Residential Garage Doors



Clopay has an easy-to-use product selection guide to identify the appropriate wind load application for each building code jurisdiction.

Clopay WindCode® garage doors are identified by "W" designations; the higher the "W" rating, the stronger the garage door.

Factors to Consider When Choosing a Reinforced Garage Door:

• Research the wind load requirements for your geographic region and make sure your garage door meets them. The local building code authority can provide current information and a professional garage door technician can perform an on-site inspection.

• Know your garage door, even if you didn't buy it. If you have recently moved into a new residence and did not purchase the garage door currently installed on your home, have a garage door professional inspect it to ensure it is the appropriate model for your area. Also,have them demonstrate how to secure the garage door during a storm.

• Understand "storm ready" vs. "add-on" reinforcement. Two kinds of reinforced garage doors are available. With the "add-on" system, a homeowner must install long posts in the floor and ceiling to reinforce the garage door before the storm hits, and then remove them again afterwards to resume normal operation.

"Storm-ready" models require no advance set-up. Reinforcement is contained within the structure of the door and is engaged by simply locking it - a timesaving convenience in the event of an evacuation notice.

This type of garage door is particularly beneficial to vacation home and rental property owners because they have peace of mind knowing that the garage door is secure as long as it's locked.

• Retrofitting an older garage door with new hardware will not provide the structural support needed for the new building codes.

• You can have safety in style. A reinforced garage door doesn't necessarily mean barricading the garage opening in a solid sea of steel. Clopay offers code-compliant carriage-house style garage doors and impact resistant windows.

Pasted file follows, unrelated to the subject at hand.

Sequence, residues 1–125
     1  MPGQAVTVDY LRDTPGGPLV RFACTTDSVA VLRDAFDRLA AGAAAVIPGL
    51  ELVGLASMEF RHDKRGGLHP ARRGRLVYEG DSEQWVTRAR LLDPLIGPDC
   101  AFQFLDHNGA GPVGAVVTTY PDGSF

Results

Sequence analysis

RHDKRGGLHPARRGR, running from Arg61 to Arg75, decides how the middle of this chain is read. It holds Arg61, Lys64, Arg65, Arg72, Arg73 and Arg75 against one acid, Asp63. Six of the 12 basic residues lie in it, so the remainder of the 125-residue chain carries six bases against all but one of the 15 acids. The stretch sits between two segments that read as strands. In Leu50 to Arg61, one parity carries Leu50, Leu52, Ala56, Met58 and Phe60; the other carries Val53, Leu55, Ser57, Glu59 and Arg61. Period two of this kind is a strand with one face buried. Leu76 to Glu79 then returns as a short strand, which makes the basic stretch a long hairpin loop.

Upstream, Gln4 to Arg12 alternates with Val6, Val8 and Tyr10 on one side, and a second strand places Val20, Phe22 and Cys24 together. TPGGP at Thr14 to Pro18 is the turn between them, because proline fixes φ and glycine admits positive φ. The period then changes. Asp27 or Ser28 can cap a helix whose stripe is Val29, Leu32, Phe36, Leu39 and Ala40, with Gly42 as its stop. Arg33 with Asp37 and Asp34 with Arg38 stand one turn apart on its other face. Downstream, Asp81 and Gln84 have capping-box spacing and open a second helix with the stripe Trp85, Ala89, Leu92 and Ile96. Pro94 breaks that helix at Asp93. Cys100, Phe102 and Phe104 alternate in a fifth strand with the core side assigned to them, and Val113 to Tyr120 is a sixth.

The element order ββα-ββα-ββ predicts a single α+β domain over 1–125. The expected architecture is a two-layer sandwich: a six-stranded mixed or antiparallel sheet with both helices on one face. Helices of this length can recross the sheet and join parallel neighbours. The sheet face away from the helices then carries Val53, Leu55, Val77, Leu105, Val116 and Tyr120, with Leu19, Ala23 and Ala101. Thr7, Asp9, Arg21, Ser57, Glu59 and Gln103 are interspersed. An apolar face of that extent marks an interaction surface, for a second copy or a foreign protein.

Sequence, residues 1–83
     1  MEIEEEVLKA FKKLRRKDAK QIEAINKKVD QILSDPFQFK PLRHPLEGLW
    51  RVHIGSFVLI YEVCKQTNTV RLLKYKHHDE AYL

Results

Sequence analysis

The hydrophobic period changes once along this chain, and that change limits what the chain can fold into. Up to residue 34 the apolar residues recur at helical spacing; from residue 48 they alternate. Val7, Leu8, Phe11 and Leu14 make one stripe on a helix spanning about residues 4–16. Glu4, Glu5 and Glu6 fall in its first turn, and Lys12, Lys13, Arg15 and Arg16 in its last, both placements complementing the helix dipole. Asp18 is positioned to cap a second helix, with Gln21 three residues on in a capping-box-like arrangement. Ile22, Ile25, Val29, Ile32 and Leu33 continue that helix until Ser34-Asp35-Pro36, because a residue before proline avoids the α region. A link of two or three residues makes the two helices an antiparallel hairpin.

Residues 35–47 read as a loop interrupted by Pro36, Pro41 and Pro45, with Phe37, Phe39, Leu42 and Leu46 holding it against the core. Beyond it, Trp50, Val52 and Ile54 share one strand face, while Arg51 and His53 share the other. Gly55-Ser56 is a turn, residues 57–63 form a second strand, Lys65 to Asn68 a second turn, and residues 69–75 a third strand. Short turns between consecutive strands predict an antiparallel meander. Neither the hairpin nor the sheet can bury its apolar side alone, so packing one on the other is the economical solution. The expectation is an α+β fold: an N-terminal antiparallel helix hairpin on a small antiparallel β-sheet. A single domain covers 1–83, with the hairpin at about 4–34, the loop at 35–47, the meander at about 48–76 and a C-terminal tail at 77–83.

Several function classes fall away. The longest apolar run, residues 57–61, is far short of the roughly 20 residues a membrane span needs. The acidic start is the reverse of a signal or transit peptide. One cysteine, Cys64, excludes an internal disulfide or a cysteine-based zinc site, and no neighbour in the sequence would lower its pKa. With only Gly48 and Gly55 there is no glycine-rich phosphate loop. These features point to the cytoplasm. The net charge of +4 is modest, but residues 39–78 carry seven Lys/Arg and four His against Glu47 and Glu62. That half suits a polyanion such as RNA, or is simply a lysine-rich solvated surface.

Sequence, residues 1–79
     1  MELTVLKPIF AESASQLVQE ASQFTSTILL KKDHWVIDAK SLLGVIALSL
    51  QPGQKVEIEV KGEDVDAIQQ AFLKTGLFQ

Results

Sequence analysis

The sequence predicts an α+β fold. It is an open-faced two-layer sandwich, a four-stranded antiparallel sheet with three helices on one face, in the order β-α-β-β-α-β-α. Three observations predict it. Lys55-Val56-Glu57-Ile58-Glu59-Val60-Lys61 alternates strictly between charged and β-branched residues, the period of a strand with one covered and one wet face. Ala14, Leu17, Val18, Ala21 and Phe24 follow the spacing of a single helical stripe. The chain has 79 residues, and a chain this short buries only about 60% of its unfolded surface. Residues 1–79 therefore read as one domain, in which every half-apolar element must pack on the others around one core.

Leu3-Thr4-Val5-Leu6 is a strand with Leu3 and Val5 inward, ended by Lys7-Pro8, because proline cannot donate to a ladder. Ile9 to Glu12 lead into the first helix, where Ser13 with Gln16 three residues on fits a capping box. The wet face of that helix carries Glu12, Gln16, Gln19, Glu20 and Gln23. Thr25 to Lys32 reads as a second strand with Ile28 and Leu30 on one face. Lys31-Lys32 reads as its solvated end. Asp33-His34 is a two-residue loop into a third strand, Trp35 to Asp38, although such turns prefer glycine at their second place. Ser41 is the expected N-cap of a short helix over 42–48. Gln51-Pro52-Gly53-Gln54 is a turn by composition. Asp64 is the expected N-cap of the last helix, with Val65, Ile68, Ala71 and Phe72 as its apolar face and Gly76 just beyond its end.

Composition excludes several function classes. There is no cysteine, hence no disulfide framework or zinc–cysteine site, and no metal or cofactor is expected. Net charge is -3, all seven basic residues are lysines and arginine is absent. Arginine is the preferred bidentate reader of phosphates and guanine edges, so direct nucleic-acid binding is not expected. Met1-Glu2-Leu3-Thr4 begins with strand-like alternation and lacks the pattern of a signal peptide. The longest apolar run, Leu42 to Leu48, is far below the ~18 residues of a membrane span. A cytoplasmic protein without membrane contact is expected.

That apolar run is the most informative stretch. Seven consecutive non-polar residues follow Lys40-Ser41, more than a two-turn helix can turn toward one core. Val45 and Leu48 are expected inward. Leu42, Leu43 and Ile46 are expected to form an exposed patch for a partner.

Notes:
1. Values are nominal design 3-second gust wind speeds in miles per hour (m/s) at 33 ft (10 m) above ground for Exposure C category.
2. Linear interpolation between wind contours is permitted.
3. Islands and coastal areas outside the last contour shall use the last wind speed contour of the coastal area.
4. Mountainous terrain, gorges, ocean promontories, and special wind regions shall be examined for unusual wind conditions.

US Map of wind regions

Location V mph (m/s)
Hawaii 105 (47)
Puerto Rico 145 (65)
Guam 170 (76)
Virgin Islands 145 (65)
American Samoa 125 (56)

WindCode Related Terms:

ASTM E330 The testing standard used in the garage door industry. Also known as uniform static air pressure testing. This standard was developed by the American Society for Testing and Materials (ASTM) to allow products to be measured in air pressure chambers. ASCE7 Design standard developed by the American Society of Civil Engineers titled "Minimum Design Loads for Buildings and Other Structures". Section 6 of this standard deals with wind loads.

ASCE7 is the basis for wind load calculations used in most building codes.

International Building Code Model building code developed by the International Code Council. Most of the U.S. has adopted this building code (sometimes with slight, locally adopted variations). The wind load provisions in this code specifically call out ASCE7 to be used in wind load calculations.

Design Pressure The measurement of resistance in both positive and negative directions that a garage door system must withstand. Design pressures are usually expressed in both positive (PSF+) and negative (PSF-) values. Also known as design load.

Test Pressure The actual tested wind pressure resistance that a garage door system will withstand during laboratory testing. Most building officials require that the test pressure be equal to 150% of the design pressure. Also known as test load.

Three-Second Gust How wind is measured by the National Weather Service. This data is then compiled into wind maps incorporated into ASCE7 and the International Building Code. The wind speed maps are based on a yearly 2% probability of occurrence (50-year average peak wind).

Mean Roof Height The height above grade level of the midpoint of the roof. Mean roof height is calculated by averaging the eave and ridge heights, and is used as part of design pressure calculations in both ASCE7 and the International Building Code.

Wind Velocity The actual measured speed of airflow during a wind event; usually expressed in MPH. Wind velocity is typically measured at 33 feet (10 meters) above ground level at airports and similar open country locations.

WindCode® The registered name for all Clopay Building Products garage door products designed and tested to comply with wind resistance requirements of local, state, and national building codes. The WindCode® program includes engineering, marketing and sales programs designed to help Clopay customers understand code issues and determine the best garage doors for their specific geographic area.


Florida Only Windcode Information Image Map